• The people of God fail to draw on the resource of their faith to understand complex issues.
  • The public witness to God’s justice and mercy is not heard as decisions are made determining the fate of millions and the course of history.

What does the sovereignty of God mean if the voice of the church has been silenced not by coercion but by the church’s own inclination to muffle itself?

The cultural reasons that the faith perspective is not heard nearly enough in public dialogue—not to mention the dearth of discussions of public issues among people of faith—are many and complex. But let us not get hung up on simply analyzing this dynamic. As Martin Luther King, Jr., reminded us, analysis can be paralyzing. That is, we can become so fascinated by trying to understand ourselves that no time, energy, or impetus remains for change.

Framing the Dialogue
Let’s assume that your congregation is similar to the one described above and that you would like it to become, instead, a community in which difficult conversations are not merely tolerated but encouraged. Imagine gathered people of God who take seriously their role as public citizens and want to explore what their faith in Jesus (or Yahweh or Allah) brings to the policy decisions made on our behalf. What qualities might mark a congregation that explores issues, looks for ways that faith commitments inform public deliberation, and honors the diversity of perspectives? More critical is this question: How can we become that kind of congregation?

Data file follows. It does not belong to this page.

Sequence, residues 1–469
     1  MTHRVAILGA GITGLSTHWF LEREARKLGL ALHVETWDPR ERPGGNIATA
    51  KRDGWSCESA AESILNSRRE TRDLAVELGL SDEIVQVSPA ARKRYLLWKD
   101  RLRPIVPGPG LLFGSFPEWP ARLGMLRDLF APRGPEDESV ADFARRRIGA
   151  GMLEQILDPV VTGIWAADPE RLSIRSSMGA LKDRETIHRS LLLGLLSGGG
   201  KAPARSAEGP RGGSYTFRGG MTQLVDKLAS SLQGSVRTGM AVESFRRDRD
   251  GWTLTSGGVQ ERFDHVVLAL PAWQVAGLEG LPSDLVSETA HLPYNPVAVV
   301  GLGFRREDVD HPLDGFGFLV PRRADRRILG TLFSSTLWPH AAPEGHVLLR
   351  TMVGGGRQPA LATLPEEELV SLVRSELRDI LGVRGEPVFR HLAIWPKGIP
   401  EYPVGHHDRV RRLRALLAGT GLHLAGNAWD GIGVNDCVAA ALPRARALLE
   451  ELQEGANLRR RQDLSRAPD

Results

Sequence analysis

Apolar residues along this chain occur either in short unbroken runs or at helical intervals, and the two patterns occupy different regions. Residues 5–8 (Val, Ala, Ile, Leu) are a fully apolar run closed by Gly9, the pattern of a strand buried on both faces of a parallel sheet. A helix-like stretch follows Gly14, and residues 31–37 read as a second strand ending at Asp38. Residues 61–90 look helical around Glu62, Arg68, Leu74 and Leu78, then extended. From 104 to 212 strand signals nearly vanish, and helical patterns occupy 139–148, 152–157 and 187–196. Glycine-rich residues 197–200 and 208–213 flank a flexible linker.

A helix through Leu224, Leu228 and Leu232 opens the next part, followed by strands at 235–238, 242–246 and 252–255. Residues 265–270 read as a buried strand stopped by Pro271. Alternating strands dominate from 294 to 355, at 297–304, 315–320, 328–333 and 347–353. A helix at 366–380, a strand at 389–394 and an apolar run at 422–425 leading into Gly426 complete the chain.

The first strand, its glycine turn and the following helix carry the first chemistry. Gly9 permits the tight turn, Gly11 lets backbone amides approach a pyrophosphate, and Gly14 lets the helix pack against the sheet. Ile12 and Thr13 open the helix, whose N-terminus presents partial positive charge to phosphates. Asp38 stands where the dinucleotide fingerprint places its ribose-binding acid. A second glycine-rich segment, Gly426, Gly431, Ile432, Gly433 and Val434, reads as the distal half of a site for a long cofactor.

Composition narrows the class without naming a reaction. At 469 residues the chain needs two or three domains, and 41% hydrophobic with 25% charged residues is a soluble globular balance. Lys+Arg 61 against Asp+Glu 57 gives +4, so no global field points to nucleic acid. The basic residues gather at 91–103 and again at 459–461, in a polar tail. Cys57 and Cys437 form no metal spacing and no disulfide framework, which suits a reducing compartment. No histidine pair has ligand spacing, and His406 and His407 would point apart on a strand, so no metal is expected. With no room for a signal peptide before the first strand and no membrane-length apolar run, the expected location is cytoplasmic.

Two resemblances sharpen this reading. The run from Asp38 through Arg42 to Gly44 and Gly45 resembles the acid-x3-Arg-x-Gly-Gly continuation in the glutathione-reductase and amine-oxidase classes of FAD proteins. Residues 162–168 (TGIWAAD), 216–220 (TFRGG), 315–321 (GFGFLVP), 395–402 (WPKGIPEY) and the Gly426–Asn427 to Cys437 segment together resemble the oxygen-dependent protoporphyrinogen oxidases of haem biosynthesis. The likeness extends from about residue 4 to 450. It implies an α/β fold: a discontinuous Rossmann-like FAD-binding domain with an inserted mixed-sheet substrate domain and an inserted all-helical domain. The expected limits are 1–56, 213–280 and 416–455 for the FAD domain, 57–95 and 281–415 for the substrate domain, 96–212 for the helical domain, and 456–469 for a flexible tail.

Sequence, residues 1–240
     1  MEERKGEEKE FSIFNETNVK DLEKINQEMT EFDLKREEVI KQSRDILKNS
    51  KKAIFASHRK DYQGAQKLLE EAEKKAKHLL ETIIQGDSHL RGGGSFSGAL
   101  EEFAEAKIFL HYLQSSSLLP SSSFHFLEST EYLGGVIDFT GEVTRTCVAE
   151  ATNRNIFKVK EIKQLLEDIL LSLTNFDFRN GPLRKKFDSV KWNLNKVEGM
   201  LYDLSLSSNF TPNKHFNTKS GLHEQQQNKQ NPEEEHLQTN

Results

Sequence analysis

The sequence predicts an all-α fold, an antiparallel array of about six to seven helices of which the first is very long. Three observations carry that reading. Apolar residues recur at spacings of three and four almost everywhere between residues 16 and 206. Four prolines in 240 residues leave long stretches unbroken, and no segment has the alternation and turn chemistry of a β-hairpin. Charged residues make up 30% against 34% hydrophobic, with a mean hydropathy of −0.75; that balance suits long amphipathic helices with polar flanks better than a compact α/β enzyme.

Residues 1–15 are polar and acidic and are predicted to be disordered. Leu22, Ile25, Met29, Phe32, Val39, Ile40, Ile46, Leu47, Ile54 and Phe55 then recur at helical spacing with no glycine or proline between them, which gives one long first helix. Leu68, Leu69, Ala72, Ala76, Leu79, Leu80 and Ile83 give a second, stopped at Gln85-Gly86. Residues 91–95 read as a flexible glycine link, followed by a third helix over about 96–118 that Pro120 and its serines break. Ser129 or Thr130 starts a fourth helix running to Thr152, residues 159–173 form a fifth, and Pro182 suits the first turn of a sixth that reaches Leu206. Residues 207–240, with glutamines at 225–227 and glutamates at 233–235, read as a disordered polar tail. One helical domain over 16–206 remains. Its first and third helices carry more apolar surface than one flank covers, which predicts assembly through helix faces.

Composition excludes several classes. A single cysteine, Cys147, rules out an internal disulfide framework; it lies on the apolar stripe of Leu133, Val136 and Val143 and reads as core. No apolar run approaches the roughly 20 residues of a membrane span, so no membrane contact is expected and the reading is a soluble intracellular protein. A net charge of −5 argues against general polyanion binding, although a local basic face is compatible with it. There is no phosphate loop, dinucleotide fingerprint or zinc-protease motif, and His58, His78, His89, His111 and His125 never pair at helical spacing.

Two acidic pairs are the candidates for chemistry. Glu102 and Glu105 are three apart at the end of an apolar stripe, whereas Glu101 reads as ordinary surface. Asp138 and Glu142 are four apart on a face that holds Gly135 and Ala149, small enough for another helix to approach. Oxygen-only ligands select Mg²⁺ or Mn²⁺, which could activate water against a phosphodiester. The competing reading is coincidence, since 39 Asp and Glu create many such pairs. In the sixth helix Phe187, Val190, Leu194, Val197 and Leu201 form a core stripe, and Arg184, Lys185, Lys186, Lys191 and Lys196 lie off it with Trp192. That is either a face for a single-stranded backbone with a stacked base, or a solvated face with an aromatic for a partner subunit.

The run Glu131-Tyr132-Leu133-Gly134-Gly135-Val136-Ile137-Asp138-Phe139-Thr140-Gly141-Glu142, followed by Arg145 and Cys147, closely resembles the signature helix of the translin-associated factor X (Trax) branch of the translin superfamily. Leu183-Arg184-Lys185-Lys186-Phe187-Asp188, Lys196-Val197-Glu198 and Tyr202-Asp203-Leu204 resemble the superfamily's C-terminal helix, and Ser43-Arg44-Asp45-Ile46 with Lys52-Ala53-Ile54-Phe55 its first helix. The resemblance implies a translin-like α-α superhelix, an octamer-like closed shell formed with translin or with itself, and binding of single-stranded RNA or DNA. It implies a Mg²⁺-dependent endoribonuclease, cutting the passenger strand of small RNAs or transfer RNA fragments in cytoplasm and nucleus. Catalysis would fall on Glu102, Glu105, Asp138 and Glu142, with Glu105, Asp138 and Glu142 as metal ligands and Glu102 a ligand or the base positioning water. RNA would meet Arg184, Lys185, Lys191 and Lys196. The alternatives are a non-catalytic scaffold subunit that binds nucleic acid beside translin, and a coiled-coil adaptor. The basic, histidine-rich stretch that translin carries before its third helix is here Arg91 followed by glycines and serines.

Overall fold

Although the war in Iraq was proclaimed to have ended in May, the situation is still messy. “Low-intensity warfare” continues, with soldiers on both sides and Iraqi civilians dying. How then can we frame dialogue not so much to define a “just war” as to wrestle critically with the meaning of a “just peace”? The issues at stake are weighty and complicated, yet profoundly theological. What does it mean for a state to be sovereign? Who should define the restructuring of a nation, and why? What is a just use of national and global resources in assisting Iraq to recover economically, reorganize politically, and heal as a society? To whom are we in our nation accountable? To the people of Iraq? To our international allies? To the poor within our own borders? To God?

Making Use of Resources
Americans tend to shy away from issues if they feel overwhelmed by complexity. (Perhaps our biggest leap of faith is “leaving it to the experts.”) People of faith are no different. The first step in cultivating rich dialogue within a congregation is to encourage people to learn as much about the issue as possible. Make resources like newspapers, books, Web sites, and magazine or journal articles accessible; ensure that references to these sources are a natural occurrence in all aspects of congregational programming, from sermons to youth meetings to coffee hour. One does not need a graduate degree to read political journals or to watch serious news commentary. It is not only 20- and 30-somethings who can surf the Web for information. Many denominations have continued to devote large portions of their own Web sites to global issues, especially since 9/11.